-----------------

    I feel like whatever perceived "wrongs" in this film can easily be "righted" in the next installment. There was probably a lot of scripting and editing done "by committee" to make all the suits happy and confident that this picture didn't under-perform like the last reboot did. Hence the heavy reliance on Iron Man. Hopefully the studios will be more confident and let Feige do what he does best next time without their interference. I have high-hopes.
  • Mark_EngblomMark_Engblom Posts: 287

    ...but I could've done without Tony Stark being the surrogate "dad".

    Tony's mentorship is certainly a new element for the Spidey mythos, but at the same time, it makes sense not only from a Marvel Cinematic Universe angle (perhaps setting up the emotional fallout of a likely Tony Stark death), but also from a character perspective. Uncle Ben is gone, and a teenage boy still needs a male role model. I was glad to see Peter pursuing this instead of disappearing into the black hole of his grief and guilt (as he often did in the comics). As for Peter's mercurial emotional states and focus, anyone who's ever raised a teenager can tell you that's pretty much par for the course. I don't blame a teenaged character for shifting their focus and motivation every two weeks. That's just how they're wired.
  • MattMatt Posts: 3,898

    ...but I could've done without Tony Stark being the surrogate "dad".

    Tony's mentorship is certainly a new element for the Spidey mythos, but at the same time, it makes sense not only from a Marvel Cinematic Universe angle (perhaps setting up the emotional fallout of a likely Tony Stark death), but also from a character perspective. Uncle Ben is gone, and a teenage boy still needs a male role model. I was glad to see Peter pursuing this instead of disappearing into the black hole of his grief and guilt (as he often did in the comics). As for Peter's mercurial emotional states and focus, anyone who's ever raised a teenager can tell you that's pretty much par for the course. I don't blame a teenaged character for shifting their focus and motivation every two weeks. That's just how they're wired.
    Not too much a "new element for the mythos." It reminded me of the Road to Civil War storyline.
  • bralinatorbralinator Posts: 5,778
    I don't disagree with what either of you have said, but RDJ's Tony Stark was not a suitable replacement for THIS comic curmudgeon's disappointment about there being absolutely no mention of Uncle Ben.
  • Mark_EngblomMark_Engblom Posts: 287
    edited July 31
    Matt said:

    Not too much a "new element for the mythos." It reminded me of the Road to Civil War storyline.

    Not from our point of view (hardcore comic book readers), but from the perspective of the movie-going public, it was something new after so many Spider-Man movies referencing the Uncle Ben thing. It was an interesting new direction to push Marvel Studio's take on the character.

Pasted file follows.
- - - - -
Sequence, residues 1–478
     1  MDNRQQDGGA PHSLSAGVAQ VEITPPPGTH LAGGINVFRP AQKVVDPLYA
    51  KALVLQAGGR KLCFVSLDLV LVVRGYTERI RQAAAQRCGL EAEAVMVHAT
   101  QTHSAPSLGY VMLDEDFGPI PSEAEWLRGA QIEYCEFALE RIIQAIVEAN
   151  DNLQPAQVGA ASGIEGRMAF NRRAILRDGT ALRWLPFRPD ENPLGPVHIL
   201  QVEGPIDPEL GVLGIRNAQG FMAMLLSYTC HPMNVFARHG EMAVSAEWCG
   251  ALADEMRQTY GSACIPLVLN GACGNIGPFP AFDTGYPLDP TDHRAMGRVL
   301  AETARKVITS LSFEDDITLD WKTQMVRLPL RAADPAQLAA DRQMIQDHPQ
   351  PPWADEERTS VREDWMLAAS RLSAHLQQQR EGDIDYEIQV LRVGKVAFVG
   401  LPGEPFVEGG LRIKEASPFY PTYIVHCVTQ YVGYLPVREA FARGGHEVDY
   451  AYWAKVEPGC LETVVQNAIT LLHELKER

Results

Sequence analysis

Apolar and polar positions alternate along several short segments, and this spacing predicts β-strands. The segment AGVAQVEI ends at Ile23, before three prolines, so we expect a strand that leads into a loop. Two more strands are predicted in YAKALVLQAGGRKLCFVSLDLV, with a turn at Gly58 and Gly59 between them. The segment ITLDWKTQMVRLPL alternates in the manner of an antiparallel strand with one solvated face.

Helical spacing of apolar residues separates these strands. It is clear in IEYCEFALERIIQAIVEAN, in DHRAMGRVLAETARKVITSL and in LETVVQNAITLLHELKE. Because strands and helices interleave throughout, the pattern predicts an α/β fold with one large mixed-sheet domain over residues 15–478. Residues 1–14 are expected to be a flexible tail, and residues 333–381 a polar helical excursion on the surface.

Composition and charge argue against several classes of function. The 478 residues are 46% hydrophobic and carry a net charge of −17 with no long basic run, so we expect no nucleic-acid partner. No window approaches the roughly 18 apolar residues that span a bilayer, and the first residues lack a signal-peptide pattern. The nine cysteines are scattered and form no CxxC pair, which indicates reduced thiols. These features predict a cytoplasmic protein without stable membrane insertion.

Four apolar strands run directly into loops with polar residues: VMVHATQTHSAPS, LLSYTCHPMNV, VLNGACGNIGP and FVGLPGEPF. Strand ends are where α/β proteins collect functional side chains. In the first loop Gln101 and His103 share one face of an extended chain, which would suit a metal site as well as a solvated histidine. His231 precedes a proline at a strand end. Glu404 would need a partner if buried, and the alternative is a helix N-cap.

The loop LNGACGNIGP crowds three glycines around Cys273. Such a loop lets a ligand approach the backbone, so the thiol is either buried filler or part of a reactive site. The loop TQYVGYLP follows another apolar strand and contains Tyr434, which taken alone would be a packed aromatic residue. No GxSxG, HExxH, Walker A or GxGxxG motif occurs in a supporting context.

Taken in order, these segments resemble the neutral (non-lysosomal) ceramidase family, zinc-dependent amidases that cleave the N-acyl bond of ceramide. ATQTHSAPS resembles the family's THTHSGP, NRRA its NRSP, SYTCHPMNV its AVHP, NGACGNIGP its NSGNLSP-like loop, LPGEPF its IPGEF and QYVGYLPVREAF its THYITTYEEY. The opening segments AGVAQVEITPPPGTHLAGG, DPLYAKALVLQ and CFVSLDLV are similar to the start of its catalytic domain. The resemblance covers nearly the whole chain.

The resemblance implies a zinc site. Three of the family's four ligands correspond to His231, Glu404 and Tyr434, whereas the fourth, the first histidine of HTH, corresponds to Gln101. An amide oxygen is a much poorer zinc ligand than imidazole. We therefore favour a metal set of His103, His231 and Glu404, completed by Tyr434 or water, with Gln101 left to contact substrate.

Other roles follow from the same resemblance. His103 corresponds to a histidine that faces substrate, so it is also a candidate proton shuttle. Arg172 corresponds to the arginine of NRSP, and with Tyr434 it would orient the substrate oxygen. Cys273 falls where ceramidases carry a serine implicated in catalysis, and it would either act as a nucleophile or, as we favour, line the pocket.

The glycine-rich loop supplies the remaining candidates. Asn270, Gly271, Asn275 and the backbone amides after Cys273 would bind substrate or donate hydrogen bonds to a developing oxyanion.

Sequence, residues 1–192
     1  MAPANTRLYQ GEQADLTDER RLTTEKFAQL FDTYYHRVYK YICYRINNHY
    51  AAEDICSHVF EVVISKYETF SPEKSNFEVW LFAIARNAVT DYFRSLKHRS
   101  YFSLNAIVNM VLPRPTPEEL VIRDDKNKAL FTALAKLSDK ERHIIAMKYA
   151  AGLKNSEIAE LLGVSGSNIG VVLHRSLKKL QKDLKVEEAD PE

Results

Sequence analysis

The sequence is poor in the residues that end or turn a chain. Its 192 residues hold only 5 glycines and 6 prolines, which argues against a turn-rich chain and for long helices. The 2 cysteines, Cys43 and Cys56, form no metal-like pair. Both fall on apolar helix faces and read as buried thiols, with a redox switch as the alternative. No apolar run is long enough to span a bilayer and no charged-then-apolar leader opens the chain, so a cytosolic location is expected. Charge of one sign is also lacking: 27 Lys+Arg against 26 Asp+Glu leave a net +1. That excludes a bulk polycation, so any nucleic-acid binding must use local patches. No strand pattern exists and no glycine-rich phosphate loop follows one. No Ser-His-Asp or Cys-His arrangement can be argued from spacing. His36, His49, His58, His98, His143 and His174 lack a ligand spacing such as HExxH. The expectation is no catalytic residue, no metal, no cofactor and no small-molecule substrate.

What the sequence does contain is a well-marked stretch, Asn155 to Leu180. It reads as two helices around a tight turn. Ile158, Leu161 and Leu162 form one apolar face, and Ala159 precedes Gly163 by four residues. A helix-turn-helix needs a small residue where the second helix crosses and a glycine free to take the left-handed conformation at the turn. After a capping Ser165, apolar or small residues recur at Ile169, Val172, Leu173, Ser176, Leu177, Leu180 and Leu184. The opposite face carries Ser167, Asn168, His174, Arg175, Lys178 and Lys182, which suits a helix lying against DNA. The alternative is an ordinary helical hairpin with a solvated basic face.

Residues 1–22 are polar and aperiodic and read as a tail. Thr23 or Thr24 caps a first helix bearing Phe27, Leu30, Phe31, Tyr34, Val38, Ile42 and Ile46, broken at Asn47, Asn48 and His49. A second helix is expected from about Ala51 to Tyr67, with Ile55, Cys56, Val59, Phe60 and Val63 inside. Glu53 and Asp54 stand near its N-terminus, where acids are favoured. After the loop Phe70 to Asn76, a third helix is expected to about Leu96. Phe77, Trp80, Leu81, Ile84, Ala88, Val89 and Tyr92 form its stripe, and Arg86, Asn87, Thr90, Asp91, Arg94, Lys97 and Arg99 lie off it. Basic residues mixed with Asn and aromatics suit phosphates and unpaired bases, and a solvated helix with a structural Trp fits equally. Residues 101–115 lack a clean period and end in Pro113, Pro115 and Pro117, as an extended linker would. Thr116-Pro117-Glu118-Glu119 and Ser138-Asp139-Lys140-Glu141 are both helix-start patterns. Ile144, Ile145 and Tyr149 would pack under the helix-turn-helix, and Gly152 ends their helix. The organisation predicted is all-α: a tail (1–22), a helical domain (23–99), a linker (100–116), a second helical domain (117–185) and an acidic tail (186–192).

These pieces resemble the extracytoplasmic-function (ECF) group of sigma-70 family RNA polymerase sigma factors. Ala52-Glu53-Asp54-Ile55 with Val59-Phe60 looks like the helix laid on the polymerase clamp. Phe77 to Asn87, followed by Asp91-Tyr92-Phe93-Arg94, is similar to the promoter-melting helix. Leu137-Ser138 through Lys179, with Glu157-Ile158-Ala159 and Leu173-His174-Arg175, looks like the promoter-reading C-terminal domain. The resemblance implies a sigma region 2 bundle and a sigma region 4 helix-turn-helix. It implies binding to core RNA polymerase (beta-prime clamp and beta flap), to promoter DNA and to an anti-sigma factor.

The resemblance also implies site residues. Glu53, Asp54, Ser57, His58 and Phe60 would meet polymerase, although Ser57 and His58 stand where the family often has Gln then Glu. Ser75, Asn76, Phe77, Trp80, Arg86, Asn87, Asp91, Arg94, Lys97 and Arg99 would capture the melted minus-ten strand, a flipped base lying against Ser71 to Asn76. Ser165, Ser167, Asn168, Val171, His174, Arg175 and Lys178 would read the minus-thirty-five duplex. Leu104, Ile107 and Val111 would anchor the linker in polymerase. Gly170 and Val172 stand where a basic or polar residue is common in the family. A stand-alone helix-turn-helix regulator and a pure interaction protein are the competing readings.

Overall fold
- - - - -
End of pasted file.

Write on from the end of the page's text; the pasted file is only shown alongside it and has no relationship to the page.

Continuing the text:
• i_am_scifii_am_scifi Posts: 520
    edited August 2
    It doesn't happen often, but I completely disagree with @Adam_Murdough on Spider-Man Homecoming. Easily my favorite version of Spider-Man on screen. This was the most realistic high school version of the character, along with the most New York a Spider-Man movie has felt. Of course a science and technology high school would be diverse in today's world, and I highly appreciated that not everybody in Peter's life was a perfect translation of their original Stan Lee counterpart. And let's not forget just how little Stan actually cared about a high school setting for the character, as Peter was only in it for a little more than 20 issues of the original comic.

    Flash worked as a rival, Zendaya breathed life and personality into her character who previously appeared lifeless and dull on screen, and for the very first time I legitimately felt like Peter was having fun out there as Spider-Man. Yes, there were the usual Spidey tropes of having to find balance between responsibilities and superheroics, and they pulled that off pretty perfectly.

    Yeah, I'm an Ultimate Spider-Man fan, so maybe this is why it resonated as much as it did, but simply put, Spider-Man in its infancy does not age well. Younger Aunt May makes sense, as Peter was supposed to be a teen, so why would his aunt be nearly 80 and helpless? It's never jived with me but I accepted it because comics, but Ultimate Spider-Man presented a confident, useful May, and we get that here. Mind you, I agree we could have used a little bit more of her, but we got too much of her in Amazing Spider-Man so I can see why they laid off a bit in favor of Peter's high school crowd.

    Ned was a little nerd stereotypical, but in a good way. I know Neds, and I probably would have been flipping out just like he did at the chance to be a second to a legit superhero. Their friendship was believable, their banter rang true. Liz was this movie's version of a Starter Pokémon, as she was the first crush. But it worked, especially with the movie's reveals.

    What was the best part? These kids were all kids first, and their ethnicity wasn't brought up at all. The movie avoided any and all of those movie stereotypes. Job well done.

    And making Michael Keaton's Vulture more of an actual vulture, hunting for scraps, was a terrific idea. Vulture is easily the most realistic, relatable villain of the MCU, and all it took was giving him a motivation and backstory you would remember more than five minutes after being introduced. Who knew? And Donald Glover's Aaron Davis needs to show up again, as I'm sure he will.